The human mind is one of the most brilliant creations on Earth. There isn’t a computer invented by man that can rival what happens between his ears.
Unfortunately, our minds are vulnerable to various quirks and idiosyncrasies which makes us prone to errors. Don’t believe me? Just look at the examples highlighted by Dan Ariely in Predictably Irrational.
Are there “mind hacks” to prevent us from making silly mistakes? Can we improve the way we make decisions – both big and small?
Stalwart of the world’s Best Memory Stunt (he recited 500 numbers forward and backwards after hearing them once), Eran Katz is the international best-selling author of books like “Secrets of a Super Memory” and “Where did Noah Park the Ark”. A self-styled expert in intelligence and memory, Eran spent an afternoon here in Singapore conducting two mind hacking mini marathons working with Versa Creations.
Here’s a photo of Eran teaching us how we can better remember names and faces. Apparently, there are a couple of ways to do so:
Have you heard of baseball player Yogi Berra? Well, he was famous not only for being a great baseball player, but for being the most quoted sports figure in history.
Unfortunately, many of his quotes may sound wise but are actually quite something else. Here are some examples:
“I knew I was going to take the wrong train, so I left early.” – Yogi Berra
“Think! How the hell are you gonna think and hit at the same time?” – Yogi Berra
“You can observe a lot just by watching.” – Yogi Berra
(You can find more hilarious examples here.)
Despite his mistakes, many people still quoted him regularly. They regard him as an oracle – a guru of sorts – and fall prey to what is known as authority bias.
Yogi’s infamous quotes are an example of what Eran called wrong mistakes. These are mistakes which are made despite being illogical. Often they are a result of our cognitive biases (read my blog post featuring Rolf Dobelli’s book The Art of Thinking Clearly).
The counterpoint to these are right mistakes, ie those first time errors that are made in pursuit of a known objective. These genuine mistakes are free from such thinking errors.
Two other examples of famous failures:
As the Great Financial Crisis revealed, our stock markets are littered with the metaphorical remains of folks who naively believed everything “experts” said. Like the gamblers in Las Vegas, they imagined that their past experiences would inform future decisions.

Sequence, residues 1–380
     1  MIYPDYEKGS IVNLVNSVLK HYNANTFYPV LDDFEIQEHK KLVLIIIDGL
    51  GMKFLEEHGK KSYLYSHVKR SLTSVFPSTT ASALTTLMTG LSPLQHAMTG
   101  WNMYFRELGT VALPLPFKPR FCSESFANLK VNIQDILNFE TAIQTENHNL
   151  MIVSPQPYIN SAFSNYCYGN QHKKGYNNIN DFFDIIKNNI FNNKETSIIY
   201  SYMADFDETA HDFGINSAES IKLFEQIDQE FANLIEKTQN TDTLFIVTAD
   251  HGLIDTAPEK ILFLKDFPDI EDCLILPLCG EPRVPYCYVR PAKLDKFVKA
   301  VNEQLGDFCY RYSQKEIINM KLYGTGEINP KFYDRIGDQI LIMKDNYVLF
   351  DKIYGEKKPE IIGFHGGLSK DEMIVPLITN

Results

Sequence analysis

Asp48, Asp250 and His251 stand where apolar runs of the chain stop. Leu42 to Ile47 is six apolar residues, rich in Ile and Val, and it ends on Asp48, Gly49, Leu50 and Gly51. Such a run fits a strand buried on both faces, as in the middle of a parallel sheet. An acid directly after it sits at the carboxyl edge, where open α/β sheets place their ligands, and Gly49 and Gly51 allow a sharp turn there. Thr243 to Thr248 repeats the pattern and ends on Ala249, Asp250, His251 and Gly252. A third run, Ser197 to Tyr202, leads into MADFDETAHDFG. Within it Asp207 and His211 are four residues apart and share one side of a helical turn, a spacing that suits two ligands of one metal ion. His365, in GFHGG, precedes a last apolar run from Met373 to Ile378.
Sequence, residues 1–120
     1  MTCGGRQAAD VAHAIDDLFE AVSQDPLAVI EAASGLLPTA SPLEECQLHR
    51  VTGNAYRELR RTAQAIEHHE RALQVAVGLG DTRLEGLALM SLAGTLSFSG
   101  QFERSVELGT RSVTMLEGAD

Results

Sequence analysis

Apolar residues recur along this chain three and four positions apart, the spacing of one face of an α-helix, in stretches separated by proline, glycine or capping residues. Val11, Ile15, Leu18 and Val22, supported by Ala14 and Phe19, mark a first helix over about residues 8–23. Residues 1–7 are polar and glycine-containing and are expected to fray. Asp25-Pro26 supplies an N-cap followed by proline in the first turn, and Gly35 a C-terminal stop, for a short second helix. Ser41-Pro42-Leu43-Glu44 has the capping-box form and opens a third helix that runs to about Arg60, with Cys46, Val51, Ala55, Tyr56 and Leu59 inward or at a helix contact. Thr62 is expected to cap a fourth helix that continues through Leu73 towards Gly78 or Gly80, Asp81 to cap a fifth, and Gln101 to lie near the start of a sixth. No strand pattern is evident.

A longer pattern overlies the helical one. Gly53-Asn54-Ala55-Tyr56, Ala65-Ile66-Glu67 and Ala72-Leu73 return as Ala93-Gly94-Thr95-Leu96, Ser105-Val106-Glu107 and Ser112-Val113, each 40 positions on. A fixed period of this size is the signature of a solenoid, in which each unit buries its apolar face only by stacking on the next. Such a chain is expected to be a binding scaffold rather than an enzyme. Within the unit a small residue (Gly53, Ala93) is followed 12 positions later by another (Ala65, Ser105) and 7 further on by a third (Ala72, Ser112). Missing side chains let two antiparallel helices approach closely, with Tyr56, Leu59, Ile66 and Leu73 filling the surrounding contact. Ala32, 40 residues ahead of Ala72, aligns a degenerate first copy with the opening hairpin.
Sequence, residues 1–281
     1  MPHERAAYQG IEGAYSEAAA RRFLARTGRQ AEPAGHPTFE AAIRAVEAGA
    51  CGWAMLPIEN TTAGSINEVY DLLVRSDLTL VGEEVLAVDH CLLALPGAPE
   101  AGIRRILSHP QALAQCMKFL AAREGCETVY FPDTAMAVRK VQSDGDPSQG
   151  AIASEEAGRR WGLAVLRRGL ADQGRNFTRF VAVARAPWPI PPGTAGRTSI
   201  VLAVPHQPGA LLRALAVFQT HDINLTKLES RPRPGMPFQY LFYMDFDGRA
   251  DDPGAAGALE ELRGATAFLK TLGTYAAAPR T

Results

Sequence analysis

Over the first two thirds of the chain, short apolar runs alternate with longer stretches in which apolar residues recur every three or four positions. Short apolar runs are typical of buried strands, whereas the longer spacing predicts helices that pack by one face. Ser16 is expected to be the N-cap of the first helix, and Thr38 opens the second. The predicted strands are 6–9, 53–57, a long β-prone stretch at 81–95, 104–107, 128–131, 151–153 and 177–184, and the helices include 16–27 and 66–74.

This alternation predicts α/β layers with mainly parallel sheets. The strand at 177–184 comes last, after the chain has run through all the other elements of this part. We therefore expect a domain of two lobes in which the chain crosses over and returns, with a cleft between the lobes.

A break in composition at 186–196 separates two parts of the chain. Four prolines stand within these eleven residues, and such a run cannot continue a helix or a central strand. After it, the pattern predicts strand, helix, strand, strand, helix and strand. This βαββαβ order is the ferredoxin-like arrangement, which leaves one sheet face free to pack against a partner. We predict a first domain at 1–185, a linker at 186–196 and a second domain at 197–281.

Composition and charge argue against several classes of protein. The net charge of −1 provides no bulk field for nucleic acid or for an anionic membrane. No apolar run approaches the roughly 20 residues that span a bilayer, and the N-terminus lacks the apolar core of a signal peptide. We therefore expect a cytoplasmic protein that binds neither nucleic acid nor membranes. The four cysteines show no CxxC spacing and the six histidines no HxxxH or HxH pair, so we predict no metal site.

Check out this list of the top 10 hilariously wrong stock market predictions. Take a look at what Nobel Prize winning economist Paul Krugman predicted about the Internet way back in 1988:
“As the rate of technological change in computing slows, the number of jobs for IT specialists will decelerate, then actually turn down; ten years from now, the phrase information economy will sound silly.” – Paul Krugman (1988)
In the 1950s, social psychologist Leon Festinger studied a group of cultists called “The Seekers” who followed a lady known as Marian Keech. They imagined that the world would end on 21 December 1956, and that the faithful would be picked up in a flying saucer and brought to safety on 20 December midnight.
Many of her followers quit their jobs and sold everything to wait for the fateful day and time. Others, however, just waited in fear or resignation at home.
(Mrs Keech’s husband, a nonbeliever, went to bed early as usual and slept through the night!)
Well as we all know, the world didn’t end that night. What’s interesting though was that those who sold their worldly belongings and waited for the alien interplanetary crafts actually deepened in their belief of Mrs Keech’s mystical abilities!
Now that we have read the horrors of cognitive biases, what can we do to navigate a world full of obstacles and mistakes?
Here are some rules to consider.
Use the “Am I fit to drive?” guideline to decide if you should make a decision. If we feel angry, irritable, tired, or harassed, we should stop ourselves from committing to an important decision. Never make a critical decision just before we go to bed.
We live in a world overloaded with information. Just scrolling through our Facebook feeds alone can take forever.
When making an important decision, however, we should focus on the task at hand and minimise all distractions.
The best decisions are made when we make the effort to whittle down the available choices. Crunch, digest and splice the information such that we can reduce them to at most three to four quality variables. Spend at least a few minutes focusing on the decision and thinking it through.
With the three or four variables mentioned above, we should use our intuition only if we are familiar with the topic. For example, real estate agents should only use their intuition to value houses and not artworks.
Similarly, footballers can only make split decisions on the football field and not the battlefield.
Note that if you are making decisions in an unfamiliar area, you should devote more time to doing it.
When the heart and logic conflict, choose your heart. This is where intuition comes in.
Should logical measures be available, however, we should rely on them to make our decisions instead of using our intuition.
As Eran’s examples have shown, everybody – gurus, experts, consultants, and advisors – will regularly make mistakes. Only trust information which you have sought, studied and pondered over by yourself.
Often, wrong decisions are made by people who have allowed their egos to override their logic. Don’t allow that to happen to you.
Finally, do not make snap decisions at the heat of the moment. Avoid giving in to instant gratification (read my blog post on delayed gratification and self control).
What other mind hacks can we put in place to avoid errors in decision making? How can we implement the above strategies in our daily lives?
For more information, do consider grabbing a copy of Eran Katz’s bestselling books or look out for his next workshop in your city.